Practical Preparation for Homecare Regulation
Homecare is an essential service which allows people to receive care within their home. As the demand for homecare increases year on year, it is accepted that the preferred place of care for many people is in their own home. Consequently, as the demand for homecare grows, HIQA (2021) acknowledge
“it would be remiss not to reinforce the critical need to expedite the introduction of homecare regulation……. investment in regulatory reform is needed to ensure that the services provided have the capacity and capability to deliver health and social services that meet the needs of the population in a manner that is safe and protects the rights of the citizens of Ireland”.
Given that HIQA are keen to progress the regulation and monitoring of homecare services in Ireland, we prepared this blog as an opportunity to reflect on HIQA’s monitoring of other health and social care settings, in particular the residential care settings for older people. HIQA have been monitoring nursing homes since 2007 and as such there is a vast amount of learnings that can be taken from HIQA’s monitoring of residential care settings for older people which can be used to guide us in our approach to preparing for homecare regulation.
Objectives of Homecare Regulation
- to improve performance and quality of homecare
- to provide assurance to people in receipt of homecare and to the public that minimally acceptable standards are achieved
- to provide accountability both for levels of performance and value for money.
What can we expect regulation to look like?
The Department of Health intends to outline the minimum requirements that providers must meet to hold a licence to operate. HIQA is currently developing draft national standards for home support services to complement the regulations being developed by the government. Once these standards come into effect, HIQA will monitor and manage compliance with the regulatory requirements and standards.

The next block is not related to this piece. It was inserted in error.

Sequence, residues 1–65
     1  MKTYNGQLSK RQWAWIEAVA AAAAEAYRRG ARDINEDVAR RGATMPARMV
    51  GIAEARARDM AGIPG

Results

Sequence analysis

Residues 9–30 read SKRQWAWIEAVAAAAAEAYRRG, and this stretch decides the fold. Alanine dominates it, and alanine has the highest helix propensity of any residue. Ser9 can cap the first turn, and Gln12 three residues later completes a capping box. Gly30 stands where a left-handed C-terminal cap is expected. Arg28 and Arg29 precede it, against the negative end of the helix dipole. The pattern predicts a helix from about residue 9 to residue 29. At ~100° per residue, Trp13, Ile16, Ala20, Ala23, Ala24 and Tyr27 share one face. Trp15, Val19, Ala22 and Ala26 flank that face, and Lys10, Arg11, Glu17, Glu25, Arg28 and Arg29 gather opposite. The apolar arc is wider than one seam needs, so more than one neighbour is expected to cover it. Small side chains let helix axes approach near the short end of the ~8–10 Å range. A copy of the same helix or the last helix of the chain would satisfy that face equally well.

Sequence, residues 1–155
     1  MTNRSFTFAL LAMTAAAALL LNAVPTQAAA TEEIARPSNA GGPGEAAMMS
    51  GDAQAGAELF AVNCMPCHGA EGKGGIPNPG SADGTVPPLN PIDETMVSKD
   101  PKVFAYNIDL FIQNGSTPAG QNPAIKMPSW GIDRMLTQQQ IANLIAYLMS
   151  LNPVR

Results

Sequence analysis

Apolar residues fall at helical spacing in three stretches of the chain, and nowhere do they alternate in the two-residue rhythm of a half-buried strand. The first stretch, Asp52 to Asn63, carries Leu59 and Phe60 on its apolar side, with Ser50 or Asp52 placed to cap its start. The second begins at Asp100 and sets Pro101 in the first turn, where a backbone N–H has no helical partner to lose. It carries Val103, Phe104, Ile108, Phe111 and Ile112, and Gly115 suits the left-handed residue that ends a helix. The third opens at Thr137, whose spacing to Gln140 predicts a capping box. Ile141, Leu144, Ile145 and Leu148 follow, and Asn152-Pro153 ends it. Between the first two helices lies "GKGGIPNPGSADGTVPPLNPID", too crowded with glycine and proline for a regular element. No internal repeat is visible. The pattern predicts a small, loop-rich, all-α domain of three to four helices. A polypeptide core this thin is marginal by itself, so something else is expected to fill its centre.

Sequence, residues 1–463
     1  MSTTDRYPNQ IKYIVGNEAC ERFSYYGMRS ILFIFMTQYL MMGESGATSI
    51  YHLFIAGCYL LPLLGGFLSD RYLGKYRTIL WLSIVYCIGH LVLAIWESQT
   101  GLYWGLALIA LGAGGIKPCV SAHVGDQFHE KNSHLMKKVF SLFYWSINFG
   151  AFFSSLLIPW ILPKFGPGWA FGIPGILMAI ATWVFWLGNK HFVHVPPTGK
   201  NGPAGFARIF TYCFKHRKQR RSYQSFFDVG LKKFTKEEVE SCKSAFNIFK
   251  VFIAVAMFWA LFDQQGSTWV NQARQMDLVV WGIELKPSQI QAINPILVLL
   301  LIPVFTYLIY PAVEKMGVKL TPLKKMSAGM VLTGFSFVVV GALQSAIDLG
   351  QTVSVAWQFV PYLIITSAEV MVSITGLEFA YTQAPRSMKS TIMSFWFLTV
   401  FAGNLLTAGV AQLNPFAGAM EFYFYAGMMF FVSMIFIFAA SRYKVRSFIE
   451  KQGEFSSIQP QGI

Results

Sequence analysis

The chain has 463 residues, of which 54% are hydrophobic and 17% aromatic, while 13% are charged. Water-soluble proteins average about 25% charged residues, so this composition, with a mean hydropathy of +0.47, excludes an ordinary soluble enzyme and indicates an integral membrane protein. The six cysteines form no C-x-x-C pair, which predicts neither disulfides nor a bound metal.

Learnings from Residential Care Sector
HCI review the inspection findings of residential care centres for older people on a quarterly basis and publish these findings as a report. From our reviews we can identify the seven common areas of non-compliance in the residential care sector.
- Governance and Management
- Assessment and Care Planning
- Policies and Procedures
- Incident Management
- Risk Management
- Training and Staff Development
Summary of HIQA Findings in Residential Care Settings for Older People
Governance and Management HIQA Findings
- The system of governance and management in place for the service at the time of the inspection did not provide adequate oversight to ensure the effective delivery of a safe, appropriate, and consistent service. The Inspectors found that:
- Governance meetings were not being completed on a scheduled basis or following a formal structure
- There was no clearly defined management structure with adequate supports in place to support the day-to-day management of the service.
- There were no formal designates in place for key senior roles within the service to support contingency arrangements.
- There was no monitoring mechanisms in place to provide continual review of the quality and safety of the service provided.
- The service had insufficient resources to provide a safe service for service users and staff, including staffing shortages resulted in inadequate supervision of staff to ensure a safe and effective service.
Assessment and Care Planning
- Some service users did not have comprehensive assessments
- Some service users did not have a care plan initiated within the required timeframes from admission.
- Individual re-assessments were not always completed within the timeframes as required by the regulations.
- Some care plans were generic and did not contain person centred
- Assessments and care plans were not updated in line with the changing needs of the service users and did not guide staff actions and interventions in a way that ensured a good quality of life.
- Improvements were required to ensure that care plans were in place for all identified issues.
- Care plans were in place for service users; however, aspects of care practice did not reflect evidenced based practice.
- There was not always evidence that the service users/representatives were involved in the care planning.
Policies and Procedures
- Policies and Procedures were not approved by a Senior Manager or signed off as read by staff.
- Policies and Procedures were not reviewed and updated in the last three years in line with Regulations.
- The service relied on National Policies and these were required to be adapted locally to provide clear guidance to all staff of the requirements in the service